Money has lots of insidious ways of affecting politics and elections. Also, water is wet and chocolate is delicious. We should take these kinds of comments as beyond obvious, and be prepared to evaluate electoral attacks and such on that basis. And yet, some idealistic optimistic side of us continues to be shocked and upset when it becomes clear just how pernicious that economic influence can be. Take that current Honolulu Mayoral election. Cayetano is well-known for his anti-rail views. A little bit of logic tells us that there are people who stand to make a lot of money from rail, and that they would therefore oppose his candidacy. So is it any surprise to see that those parties would use their money and influence to try to defeat him? (Honolulu Weekly, which raises this point in a recent issue, posits that they may even be using taxpayer dollars to do so, and asks for help in uncovering any possible wrongdoing.) Not to get all “told you so” about it, but in the Grassroot Institute’s recent In Pursuit on the rail project, we noted that one of our major concerns was the potential rail had of corrupting Hawaiian politics. Too bad we can only get points for being logical, as it didn’t exactly take a soothsayer to see that one coming.
The President has received a lot of (well-deserved) flack recently for his dismissive comments about American initiative and business. But as Carrie Lukas points out in this column, there was an element of truth to his comments, at least as far as certain businesses go. There are quite a few businesses that survive (or succeed) due almost solely to government largesse and “help.” The ones that haven’t seemed to be able to make a go of it in the free market, that are deemed worthy of stimulus funding, that belong to industries that meet political interests. More shame to us, of course, for allowing our tax dollars to be used to prop up industry and businesses, of course. (And how strange is it that there is a point on which both Tea Partiers and Occupiers could find themselves in perfect agreement?)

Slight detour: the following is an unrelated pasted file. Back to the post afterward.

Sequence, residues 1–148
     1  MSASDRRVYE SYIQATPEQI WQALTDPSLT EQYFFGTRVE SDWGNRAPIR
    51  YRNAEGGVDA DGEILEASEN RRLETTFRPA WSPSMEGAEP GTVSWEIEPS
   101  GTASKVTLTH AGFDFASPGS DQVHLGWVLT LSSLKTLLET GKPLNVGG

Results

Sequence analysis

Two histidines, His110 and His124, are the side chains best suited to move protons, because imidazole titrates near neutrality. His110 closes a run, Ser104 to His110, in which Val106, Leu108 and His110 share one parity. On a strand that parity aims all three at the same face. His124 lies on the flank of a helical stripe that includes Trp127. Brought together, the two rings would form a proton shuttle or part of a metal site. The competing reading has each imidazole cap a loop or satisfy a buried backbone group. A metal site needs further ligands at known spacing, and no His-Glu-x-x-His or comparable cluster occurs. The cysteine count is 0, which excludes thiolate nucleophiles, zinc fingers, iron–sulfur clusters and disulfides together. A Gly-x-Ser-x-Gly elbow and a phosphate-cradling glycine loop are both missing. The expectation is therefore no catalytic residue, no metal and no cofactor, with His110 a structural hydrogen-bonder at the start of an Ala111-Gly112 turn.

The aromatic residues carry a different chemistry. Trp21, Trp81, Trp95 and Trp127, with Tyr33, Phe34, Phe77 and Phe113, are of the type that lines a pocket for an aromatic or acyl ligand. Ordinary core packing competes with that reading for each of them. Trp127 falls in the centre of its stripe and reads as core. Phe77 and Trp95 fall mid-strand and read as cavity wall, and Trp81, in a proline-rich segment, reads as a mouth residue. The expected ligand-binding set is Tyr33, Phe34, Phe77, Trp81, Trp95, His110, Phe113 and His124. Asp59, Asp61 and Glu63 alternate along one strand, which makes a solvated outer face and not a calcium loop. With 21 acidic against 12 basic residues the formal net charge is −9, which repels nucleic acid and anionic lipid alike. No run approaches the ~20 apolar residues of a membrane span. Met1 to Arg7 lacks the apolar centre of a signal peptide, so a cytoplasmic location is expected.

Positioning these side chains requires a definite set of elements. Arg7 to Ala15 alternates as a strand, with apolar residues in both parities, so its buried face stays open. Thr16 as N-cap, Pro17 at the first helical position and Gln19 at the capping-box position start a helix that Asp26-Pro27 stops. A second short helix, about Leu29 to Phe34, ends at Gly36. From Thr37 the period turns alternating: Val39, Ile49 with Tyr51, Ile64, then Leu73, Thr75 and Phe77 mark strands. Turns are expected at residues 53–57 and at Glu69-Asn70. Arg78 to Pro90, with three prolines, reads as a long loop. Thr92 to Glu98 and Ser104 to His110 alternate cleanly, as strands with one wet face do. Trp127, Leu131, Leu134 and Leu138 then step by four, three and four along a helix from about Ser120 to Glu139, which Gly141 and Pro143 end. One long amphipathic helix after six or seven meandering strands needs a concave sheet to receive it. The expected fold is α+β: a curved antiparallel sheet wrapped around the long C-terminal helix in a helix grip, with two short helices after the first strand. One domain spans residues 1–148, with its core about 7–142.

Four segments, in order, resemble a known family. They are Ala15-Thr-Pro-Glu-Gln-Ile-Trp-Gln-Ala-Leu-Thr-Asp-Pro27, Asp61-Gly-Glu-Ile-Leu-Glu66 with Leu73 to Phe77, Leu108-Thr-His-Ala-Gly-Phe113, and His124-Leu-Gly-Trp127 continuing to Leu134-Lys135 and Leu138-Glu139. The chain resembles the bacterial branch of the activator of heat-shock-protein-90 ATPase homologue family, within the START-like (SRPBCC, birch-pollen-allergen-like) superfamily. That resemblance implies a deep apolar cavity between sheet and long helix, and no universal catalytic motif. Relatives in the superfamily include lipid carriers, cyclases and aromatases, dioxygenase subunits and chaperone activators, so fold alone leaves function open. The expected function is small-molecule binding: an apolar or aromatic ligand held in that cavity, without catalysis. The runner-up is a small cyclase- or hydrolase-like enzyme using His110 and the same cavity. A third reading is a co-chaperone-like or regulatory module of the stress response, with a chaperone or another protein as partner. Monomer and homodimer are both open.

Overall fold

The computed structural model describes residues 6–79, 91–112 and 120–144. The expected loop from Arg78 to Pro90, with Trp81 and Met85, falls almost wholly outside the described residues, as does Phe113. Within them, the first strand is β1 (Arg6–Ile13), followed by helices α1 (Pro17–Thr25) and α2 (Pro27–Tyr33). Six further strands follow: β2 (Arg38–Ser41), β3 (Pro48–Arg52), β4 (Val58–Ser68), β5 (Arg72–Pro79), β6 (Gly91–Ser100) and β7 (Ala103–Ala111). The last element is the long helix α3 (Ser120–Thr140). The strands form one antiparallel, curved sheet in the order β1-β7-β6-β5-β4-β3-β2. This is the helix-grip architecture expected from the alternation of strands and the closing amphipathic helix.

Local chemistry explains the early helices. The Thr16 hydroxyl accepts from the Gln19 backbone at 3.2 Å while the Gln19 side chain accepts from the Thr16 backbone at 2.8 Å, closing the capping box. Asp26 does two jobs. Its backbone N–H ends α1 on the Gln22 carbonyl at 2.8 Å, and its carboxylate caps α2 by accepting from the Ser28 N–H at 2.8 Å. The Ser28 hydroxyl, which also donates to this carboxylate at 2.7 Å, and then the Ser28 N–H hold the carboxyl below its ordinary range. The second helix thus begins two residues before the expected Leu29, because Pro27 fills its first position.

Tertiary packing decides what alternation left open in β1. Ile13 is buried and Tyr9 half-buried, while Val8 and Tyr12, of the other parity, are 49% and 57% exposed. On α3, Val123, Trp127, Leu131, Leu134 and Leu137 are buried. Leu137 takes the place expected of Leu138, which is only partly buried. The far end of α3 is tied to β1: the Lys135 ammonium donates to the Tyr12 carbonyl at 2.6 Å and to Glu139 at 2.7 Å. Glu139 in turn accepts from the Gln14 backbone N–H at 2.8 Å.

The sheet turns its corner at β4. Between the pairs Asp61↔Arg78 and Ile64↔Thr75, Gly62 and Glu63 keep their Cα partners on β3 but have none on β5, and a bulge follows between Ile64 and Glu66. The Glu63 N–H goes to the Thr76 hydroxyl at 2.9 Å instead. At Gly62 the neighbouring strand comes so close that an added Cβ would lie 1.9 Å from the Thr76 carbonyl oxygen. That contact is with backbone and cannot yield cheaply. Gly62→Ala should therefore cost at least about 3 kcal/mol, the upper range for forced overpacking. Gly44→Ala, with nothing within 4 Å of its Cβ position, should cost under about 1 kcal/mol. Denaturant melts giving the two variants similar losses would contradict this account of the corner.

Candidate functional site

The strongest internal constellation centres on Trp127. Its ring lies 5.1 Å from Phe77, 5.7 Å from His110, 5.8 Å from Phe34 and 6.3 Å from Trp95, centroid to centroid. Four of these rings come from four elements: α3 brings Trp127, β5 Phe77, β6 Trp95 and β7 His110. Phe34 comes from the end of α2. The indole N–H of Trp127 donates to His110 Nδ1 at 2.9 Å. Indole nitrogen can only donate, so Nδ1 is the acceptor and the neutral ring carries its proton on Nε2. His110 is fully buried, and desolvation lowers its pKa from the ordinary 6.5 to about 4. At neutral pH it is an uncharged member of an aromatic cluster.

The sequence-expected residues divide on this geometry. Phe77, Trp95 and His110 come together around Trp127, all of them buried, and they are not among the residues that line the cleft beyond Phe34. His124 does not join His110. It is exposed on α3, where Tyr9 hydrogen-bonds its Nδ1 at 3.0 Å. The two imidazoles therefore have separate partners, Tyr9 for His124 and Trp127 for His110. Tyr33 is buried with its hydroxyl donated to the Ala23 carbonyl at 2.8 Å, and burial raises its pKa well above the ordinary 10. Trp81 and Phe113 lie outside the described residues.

In the wake of last week’s tragedy in Aurora, it was no surprise to see a renewed push for gun control from the President and others this week. In the face of so much senseless death and reckless hate, one can be pardoned for thinking, “we need to do whatever we can to make sure guys like that can’t do things like this ever again.” However, there is a good reason that laws and policies should not be made in haste and based on emotion, no matter how powerful or sympathetic that motivation may be. As Jacob Hornberger explains in this blog entry, not only is stricter gun control not a viable answer, it actually demonstrably failed in this case. I have nothing but the greatest sympathy for the victims in Aurora—and all those who suffer because of the actions of the vicious in this country, but before we turn tragedy into a way to score political goals, we should spend a little more time thinking about the possible consequences of those policies.
Views expressed in this column are intended to promote creative thought, educate, and, we hope, prompt comment. Accordingly, thoughts expressed do not necessarily reflect the official position of Grassroot Institute of Hawaii or the author.